Have you always wanted to start a garden, but have no idea how to start? Getting flowers and vegetables to grow is easier than you think! Here are some tips to get you started with gardening and how to keep it rolling.
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The fondest memories of my childhood were spent on the ten acres of gardens on Shelburne Farms. My favorite gardening and farm adventures during our years on the Farm included being in the woods, attending summer camp every year, and swimming in Lake Champlain.
My least favorite activities were stacking firewood (but I’m quite good at it), lugging buckets of water to the chickens during wintertime, and that one turkey who didn’t like people.
I also went in waves of liking/disliking gardening (just ask my gardener parents), and still have dreams of that "tomato tar" that is a struggle to get off your fingertips. So as you can only assume, my "green thumb" is a work in progress.
My most favorite part of gardening NOW is getting to share it with my three boys, as well as the children at a local preschool. The best part about having them participate in the process of preparing the soil, adding the seeds, examining pests, and eventually (and hopefully!) tasting the end results is that you get to see a garden through their eyes. I’ve also learned that gardening is about trials and errors. Sometimes the flower and vegetable plants do exactly as you had thought they’d do, and other times it’s not the case.
It’s not too late to get started with gardening, here’s how.
(Anywhere from the end of August – present-day September)
Making a plan is very important. Figure out how much sun you have, and what exactly you’d like to plant (take care of). Also, think about when you want it by (growing span). Don’t forget, you can veer off this plan at any point. But it’s a good idea to go into it with a general idea of what you want to do. Write it down.
(Beginning of September)
I made a list as to how much organic compost/soil I needed to add to our raised bed gardens. I ordered worms (Brad’s suggestion), fertilizer, mulch, seeds, and cleaned up the three raised beds of weeds. We have about 1/2 of a bed of strawberries which I left since they’re a perennial plant.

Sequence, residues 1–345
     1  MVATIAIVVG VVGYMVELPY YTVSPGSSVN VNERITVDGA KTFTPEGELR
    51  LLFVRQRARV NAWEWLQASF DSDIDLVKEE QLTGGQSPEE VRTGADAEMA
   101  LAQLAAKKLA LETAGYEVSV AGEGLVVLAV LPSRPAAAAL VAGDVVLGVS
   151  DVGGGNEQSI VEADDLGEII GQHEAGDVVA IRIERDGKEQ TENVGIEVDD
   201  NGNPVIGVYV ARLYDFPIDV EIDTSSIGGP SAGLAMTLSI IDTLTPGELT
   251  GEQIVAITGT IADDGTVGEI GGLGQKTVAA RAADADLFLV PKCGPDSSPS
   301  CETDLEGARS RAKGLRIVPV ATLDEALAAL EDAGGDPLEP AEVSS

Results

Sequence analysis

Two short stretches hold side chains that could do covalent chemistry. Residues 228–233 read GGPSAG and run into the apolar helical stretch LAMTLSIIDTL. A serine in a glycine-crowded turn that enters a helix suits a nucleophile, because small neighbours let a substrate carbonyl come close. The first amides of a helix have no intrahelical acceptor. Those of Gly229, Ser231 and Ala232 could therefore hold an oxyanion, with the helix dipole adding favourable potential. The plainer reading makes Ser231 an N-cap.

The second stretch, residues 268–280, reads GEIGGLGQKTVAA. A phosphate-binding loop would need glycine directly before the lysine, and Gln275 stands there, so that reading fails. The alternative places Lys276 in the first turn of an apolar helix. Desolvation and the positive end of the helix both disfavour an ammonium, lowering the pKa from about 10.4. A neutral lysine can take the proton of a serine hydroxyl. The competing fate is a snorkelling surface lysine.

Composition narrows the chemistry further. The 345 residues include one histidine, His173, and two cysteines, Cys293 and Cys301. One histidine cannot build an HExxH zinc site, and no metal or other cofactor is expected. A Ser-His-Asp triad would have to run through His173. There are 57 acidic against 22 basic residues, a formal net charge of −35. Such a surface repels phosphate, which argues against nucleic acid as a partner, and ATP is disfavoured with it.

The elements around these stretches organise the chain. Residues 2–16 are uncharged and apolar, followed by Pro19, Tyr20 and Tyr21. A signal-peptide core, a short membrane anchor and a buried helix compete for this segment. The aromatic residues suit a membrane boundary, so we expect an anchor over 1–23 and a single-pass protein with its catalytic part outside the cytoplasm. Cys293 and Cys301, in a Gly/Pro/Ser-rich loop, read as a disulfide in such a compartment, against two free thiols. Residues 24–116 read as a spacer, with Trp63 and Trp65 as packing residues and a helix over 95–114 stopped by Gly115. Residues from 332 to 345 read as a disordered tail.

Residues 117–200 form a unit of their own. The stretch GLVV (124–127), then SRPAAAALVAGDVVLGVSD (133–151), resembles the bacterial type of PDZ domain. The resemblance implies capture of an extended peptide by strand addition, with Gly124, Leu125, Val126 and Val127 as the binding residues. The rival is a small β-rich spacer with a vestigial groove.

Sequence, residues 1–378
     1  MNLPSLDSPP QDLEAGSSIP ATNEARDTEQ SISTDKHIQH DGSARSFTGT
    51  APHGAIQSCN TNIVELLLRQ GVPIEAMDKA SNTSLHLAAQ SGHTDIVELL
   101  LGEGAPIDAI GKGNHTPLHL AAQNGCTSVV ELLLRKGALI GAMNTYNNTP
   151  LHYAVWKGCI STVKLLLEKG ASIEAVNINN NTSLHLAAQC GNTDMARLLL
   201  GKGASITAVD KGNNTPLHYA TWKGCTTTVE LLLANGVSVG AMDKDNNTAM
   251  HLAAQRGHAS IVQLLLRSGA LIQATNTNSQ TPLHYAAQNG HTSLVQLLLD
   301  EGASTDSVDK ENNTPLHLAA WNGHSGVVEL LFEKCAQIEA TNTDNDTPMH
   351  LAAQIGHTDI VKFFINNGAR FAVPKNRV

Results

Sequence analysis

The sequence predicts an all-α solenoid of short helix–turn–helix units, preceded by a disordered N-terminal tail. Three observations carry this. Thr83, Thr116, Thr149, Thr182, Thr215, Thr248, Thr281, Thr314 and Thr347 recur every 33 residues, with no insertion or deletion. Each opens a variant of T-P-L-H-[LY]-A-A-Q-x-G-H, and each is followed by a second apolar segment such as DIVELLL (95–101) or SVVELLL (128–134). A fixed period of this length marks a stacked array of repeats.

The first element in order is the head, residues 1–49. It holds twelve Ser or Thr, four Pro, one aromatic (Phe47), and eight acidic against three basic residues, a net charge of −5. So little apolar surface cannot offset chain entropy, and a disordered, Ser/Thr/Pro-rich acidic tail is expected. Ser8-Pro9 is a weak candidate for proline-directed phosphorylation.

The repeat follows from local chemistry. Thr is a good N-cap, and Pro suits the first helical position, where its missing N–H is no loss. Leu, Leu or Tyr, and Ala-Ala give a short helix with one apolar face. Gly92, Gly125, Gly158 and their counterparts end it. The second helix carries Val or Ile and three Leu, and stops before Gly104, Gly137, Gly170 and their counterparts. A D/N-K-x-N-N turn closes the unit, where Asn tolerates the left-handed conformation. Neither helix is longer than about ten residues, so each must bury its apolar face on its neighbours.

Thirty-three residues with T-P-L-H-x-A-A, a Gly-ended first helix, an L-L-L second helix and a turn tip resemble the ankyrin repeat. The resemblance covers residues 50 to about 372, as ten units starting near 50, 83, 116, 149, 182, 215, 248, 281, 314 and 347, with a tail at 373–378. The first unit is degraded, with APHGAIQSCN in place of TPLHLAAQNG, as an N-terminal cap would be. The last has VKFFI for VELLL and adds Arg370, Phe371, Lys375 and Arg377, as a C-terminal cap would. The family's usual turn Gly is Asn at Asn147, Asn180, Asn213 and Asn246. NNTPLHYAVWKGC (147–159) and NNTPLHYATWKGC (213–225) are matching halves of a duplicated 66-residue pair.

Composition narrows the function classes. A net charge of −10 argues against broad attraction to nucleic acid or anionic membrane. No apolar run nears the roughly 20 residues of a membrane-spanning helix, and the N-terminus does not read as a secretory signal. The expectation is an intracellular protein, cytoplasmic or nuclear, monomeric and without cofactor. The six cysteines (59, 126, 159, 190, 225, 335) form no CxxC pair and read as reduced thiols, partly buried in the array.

(Mid-September or if you’re me: Late September)
Because of various factors, the garden is getting its plants and seeds this week. The soil in the beds is ready to go, as are the happy worms that were plopped into the soil by approximately 60 children. Several of them replied “no thank you” when asked to stick their hand into a bucket of dirt and wiggly worms…
Since I’m in that experimental stage of my gardening career, I’m lucky to have a friend locally to guide me along.
My friend Brad Wynne of Veg Out Gardens is my go-to resource for all things vegetable gardening. A Virginia Beach native, Brad followed his gardening passion to create something quite unique. From custom-built raised bed gardens, good soil, plants from his greenhouse, and most importantly his vast knowledge in the subject of vegetable gardens. Brad makes the whole process simple and enjoyable, which is exactly as it should be.
I asked Brad to share with me a few tips on his favorite soil for growing vegetables. Here's his gardening advice:
"First, I prefer being in full control of the soil and knowing exactly what is in it, which is what you get from bagged soil. The major downside for me, obviously, is that you have a ton of plastic left over.
My favorite soil is from Purple Cow Organics. We special order it and use their seed starter for our plants and their veggie soil for our pots. We also offer the soil and compost for our installation and maintenance customers. It is very expensive, but it is worth it.
If you want to go with another soil, make sure it is OMRI certified. (Organic Materials Review Institute). DO NOT buy any garden center's soil or compost that they have in bulk outside. The soil is usually awful. Basically, it's just clay from cleared medians of a city’s landscape division. While mushroom compost can be a good amendment, how long has it been sitting out there?
Keep in mind that soils and compost will leech their nutrients. So the nutrient breakdown that was in the soil / compost will not be the same after awhile. Splurge on the compost if you are to spend money.
Second, make your own soil. Yes, you can. There are a lot of soil mixes out there (Cornell, Mel’s Mix, etc.) but I prefer to keep it simple. Go with 1/3 coconut coir, 1/3 compost, and 1/3 organic matter like hay or rice hull. You can buy the coco coir online very easily. Keep in mind that this is just a starter soil and MUST be amended in the future and for every season. However, soil is the single biggest cost for starting a garden, so get it right."
With the guidance and healthy plants from Brad, I fully expect it to be a successful season. I am also looking forward to the children being a part of the process.
Please stay tuned on our progress, and pay attention to your own gardens at home. Send before/after photos to the family on FamilyApp so they can see how well things are growing!